Last Comic Standing: Audience Vote #3
A kinda, sorta standing O! A very apparent screw-up by one of the three remaining finalists! A set of produced pieces so poorly made that simply by airing them NBC set TV back 50 years (seriously, they turned my TV black and white).
What I'm saying is, who wouldn't want to take this show with them on the bus? The review starts after the jump...
We need to talk about those production packages detailing the comics going back to their hometown to work their old day jobs. Does anyone else get the feeling that the people who put them together are in some kind of mid-60s Beach Boys/Beatles rivalry with the producers of the Coke commercials for American Idol to see who can make the most horribly contrived and terribly edited collection of nonsense on television?
I'd like to nominate tonight's soul-sucking quagmire as the Pet Sounds of the rivalry. It was a masterpiece, managing to meld a ridiculous premise with a Brownie-like level of poor execution. LaVell as a crossing guard! Wow, look at him eat that sandwich ('cause he's fat, 'case you didn't notice!) And Jon, look, he's so bad at changing tires he's actually in a stack of them drinking coffee! They sure do things different in Hick'ry!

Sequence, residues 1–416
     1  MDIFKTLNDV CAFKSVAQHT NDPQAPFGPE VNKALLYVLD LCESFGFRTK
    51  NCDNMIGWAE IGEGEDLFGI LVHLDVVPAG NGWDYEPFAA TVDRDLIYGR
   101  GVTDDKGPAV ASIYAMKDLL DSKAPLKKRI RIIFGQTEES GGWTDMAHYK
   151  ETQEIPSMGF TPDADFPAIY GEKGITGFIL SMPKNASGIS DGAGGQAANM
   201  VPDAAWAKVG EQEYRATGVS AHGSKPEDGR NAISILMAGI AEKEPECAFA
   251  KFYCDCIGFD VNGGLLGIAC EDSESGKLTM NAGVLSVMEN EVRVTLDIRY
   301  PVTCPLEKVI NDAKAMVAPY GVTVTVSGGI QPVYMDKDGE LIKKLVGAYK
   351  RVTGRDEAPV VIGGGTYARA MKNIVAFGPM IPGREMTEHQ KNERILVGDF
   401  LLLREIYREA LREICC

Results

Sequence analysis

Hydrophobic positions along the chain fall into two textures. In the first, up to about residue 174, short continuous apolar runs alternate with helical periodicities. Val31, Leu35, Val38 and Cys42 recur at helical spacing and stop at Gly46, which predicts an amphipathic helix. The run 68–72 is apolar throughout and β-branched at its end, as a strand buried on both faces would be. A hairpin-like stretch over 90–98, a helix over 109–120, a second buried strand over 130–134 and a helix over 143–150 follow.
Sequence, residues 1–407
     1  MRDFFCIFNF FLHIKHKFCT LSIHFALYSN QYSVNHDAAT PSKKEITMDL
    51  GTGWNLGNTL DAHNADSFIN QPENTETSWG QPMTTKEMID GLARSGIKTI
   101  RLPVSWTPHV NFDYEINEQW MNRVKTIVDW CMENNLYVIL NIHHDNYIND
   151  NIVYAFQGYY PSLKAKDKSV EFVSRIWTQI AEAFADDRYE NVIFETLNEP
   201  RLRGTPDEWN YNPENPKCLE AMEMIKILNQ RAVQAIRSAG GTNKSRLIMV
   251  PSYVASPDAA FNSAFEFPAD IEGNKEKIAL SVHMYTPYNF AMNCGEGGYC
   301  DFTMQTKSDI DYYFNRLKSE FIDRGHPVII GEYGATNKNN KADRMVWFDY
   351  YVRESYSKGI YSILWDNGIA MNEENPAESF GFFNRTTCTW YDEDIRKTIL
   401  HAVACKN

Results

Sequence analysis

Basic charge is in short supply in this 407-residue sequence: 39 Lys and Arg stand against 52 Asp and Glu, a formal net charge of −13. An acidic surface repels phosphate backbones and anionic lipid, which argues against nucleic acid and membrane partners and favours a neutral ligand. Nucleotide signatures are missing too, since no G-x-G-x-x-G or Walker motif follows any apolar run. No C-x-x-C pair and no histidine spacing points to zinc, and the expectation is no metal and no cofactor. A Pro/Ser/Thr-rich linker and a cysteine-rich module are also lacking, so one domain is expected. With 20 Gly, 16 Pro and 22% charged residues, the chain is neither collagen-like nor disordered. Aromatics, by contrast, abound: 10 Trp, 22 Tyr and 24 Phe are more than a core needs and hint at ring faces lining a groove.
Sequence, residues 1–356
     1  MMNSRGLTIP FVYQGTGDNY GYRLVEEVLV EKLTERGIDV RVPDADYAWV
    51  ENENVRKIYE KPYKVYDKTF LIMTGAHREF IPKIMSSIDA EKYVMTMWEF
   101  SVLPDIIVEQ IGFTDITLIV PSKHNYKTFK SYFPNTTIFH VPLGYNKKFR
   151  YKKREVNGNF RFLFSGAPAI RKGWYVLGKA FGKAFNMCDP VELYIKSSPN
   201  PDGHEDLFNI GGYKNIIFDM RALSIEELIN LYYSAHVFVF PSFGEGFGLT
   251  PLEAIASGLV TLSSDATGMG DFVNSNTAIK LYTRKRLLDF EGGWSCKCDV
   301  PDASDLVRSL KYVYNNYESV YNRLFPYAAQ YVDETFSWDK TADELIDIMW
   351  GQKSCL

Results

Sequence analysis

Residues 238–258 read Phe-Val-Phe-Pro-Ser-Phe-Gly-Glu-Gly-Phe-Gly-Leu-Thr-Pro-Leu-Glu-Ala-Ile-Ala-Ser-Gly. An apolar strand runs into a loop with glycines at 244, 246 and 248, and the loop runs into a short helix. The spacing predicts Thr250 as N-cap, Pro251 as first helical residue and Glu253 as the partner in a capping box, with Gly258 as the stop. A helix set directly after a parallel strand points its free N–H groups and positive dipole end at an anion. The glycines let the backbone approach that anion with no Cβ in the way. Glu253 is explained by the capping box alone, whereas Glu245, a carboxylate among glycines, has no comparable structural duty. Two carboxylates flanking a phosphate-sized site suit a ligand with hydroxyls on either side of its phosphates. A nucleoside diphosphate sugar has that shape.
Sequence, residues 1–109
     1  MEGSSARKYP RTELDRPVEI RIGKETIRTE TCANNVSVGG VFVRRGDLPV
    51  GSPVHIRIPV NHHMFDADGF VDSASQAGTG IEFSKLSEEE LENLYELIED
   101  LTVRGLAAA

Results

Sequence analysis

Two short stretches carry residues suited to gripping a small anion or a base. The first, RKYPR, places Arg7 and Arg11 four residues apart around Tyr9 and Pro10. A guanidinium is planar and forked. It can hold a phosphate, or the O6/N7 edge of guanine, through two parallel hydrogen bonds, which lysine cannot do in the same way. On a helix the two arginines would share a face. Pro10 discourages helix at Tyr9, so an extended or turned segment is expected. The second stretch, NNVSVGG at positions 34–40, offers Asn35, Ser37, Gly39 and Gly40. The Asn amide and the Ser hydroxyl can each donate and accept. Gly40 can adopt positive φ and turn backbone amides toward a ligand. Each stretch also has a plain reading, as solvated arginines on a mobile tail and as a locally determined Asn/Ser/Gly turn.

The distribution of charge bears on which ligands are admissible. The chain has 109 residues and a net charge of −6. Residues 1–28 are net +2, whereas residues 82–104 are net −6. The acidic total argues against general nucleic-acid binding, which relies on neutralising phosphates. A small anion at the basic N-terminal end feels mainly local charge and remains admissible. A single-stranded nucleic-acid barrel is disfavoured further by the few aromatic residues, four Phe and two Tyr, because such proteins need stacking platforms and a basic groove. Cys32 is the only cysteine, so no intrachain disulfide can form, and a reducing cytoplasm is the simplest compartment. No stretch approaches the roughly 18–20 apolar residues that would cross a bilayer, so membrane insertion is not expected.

A note to the American Idol production team: you're really going to need to step it up this year if you want to out-bad Last Comic Standing.
(One last thing about the old jobs segment: Gerry Dee's act is rife with references to his job as a teacher. Why didn't they go back to his old school? Was it too difficult from a legal perspective -- all those kids -- or is maybe someone who talks about being hung over in class not all that welcome back at the old school? It just seemed odd to show Gerry as a waiter.)
We had two guest comics tonight, Harland Williams and Josh Blue, as a way to fill the hour up with comedy. I understood why Blue was there, being a former winner, but I was unsure why Williams was making an appearance. Do any of our readers know? Is he on an NBC show? Or just friends with Bill Bellamy?
Either way, I thought his comedy tonight was fairly interesting, even if it didn't seem to make a lot of sense ("Have you ever yawned so long a hot-dog flew into your mouth?" Uh, no. Judging from the audience's reaction, neither have they). His set did manage to have a few twists and turns in it (especially the stuff about talking in his sleep), so I rate the appearance as decent.